"* * * cannot even disclose the information for an in camera inspection without violating the statute. In fact, if defendant did provide the trial court with the requested material for an in camera inspection, the court's determination that the information was prohibited from disclosure by Section 101 [sic] would constitute a determination that the defendant had violated the statute and was guilty of a misdemeanor. The statute makes no provisions for a limited disclosure."

Defendant argues that answering some of the interrogatories in writing, as the trial court has ordered it to do, would similarly violate the prohibition against disclosure of section 1 and would thereby also constitute a Class A misdemeanor.

• 1 To ascertain the intent of the legislature in enacting a statute, the court is bound to give meaning and effect to all of the provisions of the statute. (Sternberg Dredging Co. v. Estate of Sternberg (1957), 10 Ill.2d 328, 140 N.E.2d 125.) The court must construe a statute so that no word, clause or sentence, to the extent that it is possible to do so, is rendered superfluous or meaningless. (Peacock v. Judges Retirement System (1957), 10 Ill.2d 498, 140 N.E.2d 684.) Otherwise stated, the rule requires the court, if possible, to give each word, clause or sentence some reasonable meaning. (Board of Trustees v. Kusper (1979), 72 Ill. App.3d 653, 391 N.E.2d 66.) Defendant's construction would require us to ignore or to violate these principles of construction. Defendant overlooks the significance of the provision in section 2 whereby the materials specified as confidential in section 1 may not be admitted as evidence in court. Were any disclosure other than that which is permitted by section 5 to be deemed unlawful, the provision of section 2 prohibiting the admission of such materials into evidence in court would be mere surplusage.

• 2 It is a rule of law too elementary to require citation that the court and no one else — certainly not the parties — determines whether that which is offered into evidence is properly admissible. In order to rule upon that question, the court must have an opportunity to acquaint itself with the nature of the material offered. It hardly needs to be said that the court so acquaints itself during in camera proceedings to avoid prejudice to one or the other of the parties. Another rule too elementary to require citation is that discovered material is not evidence but merely something one or both of the parties may wish later at trial to offer into evidence for a determination by the court as to its admissibility. While section 2 expressly prohibits the admission of certain materials into evidence, it does not either expressly or impliedly prohibit either the court's determination of the admissibility of the materials or the prior discovery of them. This construction is consistent with the purpose of the medical studies act as stated in Matviuw v. Johnson (1979), 70 Ill. App.3d 481, 486, 388 N.E.2d 797, 799,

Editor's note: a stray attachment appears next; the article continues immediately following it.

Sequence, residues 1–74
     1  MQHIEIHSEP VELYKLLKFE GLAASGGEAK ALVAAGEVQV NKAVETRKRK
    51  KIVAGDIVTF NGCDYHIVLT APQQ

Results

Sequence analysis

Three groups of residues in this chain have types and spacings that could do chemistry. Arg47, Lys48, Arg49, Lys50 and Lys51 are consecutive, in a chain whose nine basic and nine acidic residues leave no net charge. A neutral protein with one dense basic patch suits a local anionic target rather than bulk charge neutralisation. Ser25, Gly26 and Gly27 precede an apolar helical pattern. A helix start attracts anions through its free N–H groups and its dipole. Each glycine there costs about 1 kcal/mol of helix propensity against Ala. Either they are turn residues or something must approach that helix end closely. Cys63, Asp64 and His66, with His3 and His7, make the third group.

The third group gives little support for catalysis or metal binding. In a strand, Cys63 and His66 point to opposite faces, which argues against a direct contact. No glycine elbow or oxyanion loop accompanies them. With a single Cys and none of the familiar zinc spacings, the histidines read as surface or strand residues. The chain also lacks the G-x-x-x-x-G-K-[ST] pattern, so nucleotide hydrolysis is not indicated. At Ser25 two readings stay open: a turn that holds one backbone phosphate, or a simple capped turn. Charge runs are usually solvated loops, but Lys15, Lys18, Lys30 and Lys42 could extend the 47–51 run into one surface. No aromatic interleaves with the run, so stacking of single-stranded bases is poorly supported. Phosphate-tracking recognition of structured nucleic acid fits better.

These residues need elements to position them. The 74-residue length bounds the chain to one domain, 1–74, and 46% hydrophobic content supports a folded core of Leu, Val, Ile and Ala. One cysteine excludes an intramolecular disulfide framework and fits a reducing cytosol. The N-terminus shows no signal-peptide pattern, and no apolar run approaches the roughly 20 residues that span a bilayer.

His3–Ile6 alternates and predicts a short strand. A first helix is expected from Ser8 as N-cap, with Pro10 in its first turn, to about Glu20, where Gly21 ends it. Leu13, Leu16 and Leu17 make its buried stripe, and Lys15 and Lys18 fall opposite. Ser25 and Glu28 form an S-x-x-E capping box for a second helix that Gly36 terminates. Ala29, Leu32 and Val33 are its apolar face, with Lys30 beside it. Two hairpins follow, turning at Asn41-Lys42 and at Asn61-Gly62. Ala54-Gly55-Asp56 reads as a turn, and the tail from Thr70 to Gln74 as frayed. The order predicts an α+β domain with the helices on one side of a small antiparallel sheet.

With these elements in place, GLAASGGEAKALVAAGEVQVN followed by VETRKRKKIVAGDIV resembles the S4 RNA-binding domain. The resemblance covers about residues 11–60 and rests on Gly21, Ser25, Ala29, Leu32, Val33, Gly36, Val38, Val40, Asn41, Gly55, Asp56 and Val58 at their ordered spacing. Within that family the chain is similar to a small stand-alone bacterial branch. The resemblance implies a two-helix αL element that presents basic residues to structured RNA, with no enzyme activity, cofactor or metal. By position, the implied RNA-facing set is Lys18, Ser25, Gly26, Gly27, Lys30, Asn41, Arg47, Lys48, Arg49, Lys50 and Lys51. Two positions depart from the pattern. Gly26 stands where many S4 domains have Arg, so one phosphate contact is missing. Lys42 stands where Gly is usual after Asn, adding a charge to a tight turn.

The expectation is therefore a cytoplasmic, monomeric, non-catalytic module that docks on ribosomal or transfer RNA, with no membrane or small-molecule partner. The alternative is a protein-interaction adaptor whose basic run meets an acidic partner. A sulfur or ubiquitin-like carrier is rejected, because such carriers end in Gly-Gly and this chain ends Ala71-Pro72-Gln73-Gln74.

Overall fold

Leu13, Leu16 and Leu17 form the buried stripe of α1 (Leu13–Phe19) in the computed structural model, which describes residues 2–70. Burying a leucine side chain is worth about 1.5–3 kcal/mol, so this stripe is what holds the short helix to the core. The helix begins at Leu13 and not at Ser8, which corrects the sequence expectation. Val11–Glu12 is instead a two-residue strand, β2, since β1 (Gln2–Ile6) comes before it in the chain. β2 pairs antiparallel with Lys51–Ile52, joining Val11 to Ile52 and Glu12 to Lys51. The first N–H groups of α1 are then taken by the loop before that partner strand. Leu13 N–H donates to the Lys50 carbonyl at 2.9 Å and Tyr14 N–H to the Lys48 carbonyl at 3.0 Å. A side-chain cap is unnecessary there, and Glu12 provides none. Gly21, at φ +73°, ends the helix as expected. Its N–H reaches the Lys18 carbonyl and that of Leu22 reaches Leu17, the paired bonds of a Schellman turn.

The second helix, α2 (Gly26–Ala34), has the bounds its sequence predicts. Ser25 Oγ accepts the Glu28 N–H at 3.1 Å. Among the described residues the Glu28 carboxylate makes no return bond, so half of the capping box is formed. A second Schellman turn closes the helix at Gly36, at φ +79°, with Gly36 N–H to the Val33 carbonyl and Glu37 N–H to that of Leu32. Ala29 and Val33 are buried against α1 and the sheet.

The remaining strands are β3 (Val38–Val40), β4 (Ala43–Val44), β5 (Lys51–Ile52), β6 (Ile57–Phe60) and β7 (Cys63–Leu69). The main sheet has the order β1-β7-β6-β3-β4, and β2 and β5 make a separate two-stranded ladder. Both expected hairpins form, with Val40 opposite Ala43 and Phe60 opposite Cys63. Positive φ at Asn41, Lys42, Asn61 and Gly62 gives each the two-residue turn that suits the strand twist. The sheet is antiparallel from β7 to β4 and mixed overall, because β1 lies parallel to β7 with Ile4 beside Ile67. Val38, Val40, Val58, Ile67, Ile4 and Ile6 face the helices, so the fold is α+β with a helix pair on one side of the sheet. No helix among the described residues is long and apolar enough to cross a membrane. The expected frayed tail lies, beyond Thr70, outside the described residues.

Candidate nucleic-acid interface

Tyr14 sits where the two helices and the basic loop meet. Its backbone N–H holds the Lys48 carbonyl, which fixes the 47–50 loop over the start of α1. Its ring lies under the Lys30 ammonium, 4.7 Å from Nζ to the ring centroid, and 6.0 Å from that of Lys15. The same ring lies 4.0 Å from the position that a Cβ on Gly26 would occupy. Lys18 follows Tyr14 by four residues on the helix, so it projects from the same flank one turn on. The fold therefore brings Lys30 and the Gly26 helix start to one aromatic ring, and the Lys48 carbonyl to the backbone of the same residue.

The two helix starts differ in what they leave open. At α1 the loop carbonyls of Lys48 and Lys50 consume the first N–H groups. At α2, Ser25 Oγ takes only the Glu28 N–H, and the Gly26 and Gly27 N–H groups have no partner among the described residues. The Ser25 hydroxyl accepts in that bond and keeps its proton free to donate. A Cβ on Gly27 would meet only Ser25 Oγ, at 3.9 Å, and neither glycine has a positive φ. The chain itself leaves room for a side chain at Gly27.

"[T]hrough the Medical Studies Act, the legislature intended to bolster the effectiveness of in-hospital peer group review committees. To this end, the Act provided for a general policy of confidentiality for information obtained by such committees to insure that those providing the information could speak freely."

This construction permits the court to rule on the admissibility of evidence, as it must, to the end that material which is prohibited from admission into evidence pursuant to section 2 is, in fact, excluded from evidence. At the same time such a construction furthers the policy of confidentiality. Here the trial court has carefully provided for the preservation of the confidentiality of the materials by requiring not written answers to those interrogatories which go to the substance of these materials but in camera inspection of them. We conclude that the discovery of such materials does not constitute the criminal disclosure of them for which section 5 provides. We therefore hold that it was not error for the trial court to find defendant in contempt of court for refusal to comply with its order pertaining to discovery of those materials which, according to defendant, fall within the purview of the medical studies act.

We find nothing in People ex rel. Illinois Judicial Inquiry Board v. Hartel (1978), 72 Ill.2d 225, 380 N.E.2d 801 (Alfano I), or People v. Alfano (1980), 78 Ill.2d 434, 401 N.E.2d 554 (Alfano II), which would indicate a contrary result in the case at bar.


KARNS and SPOMER, JJ., concur.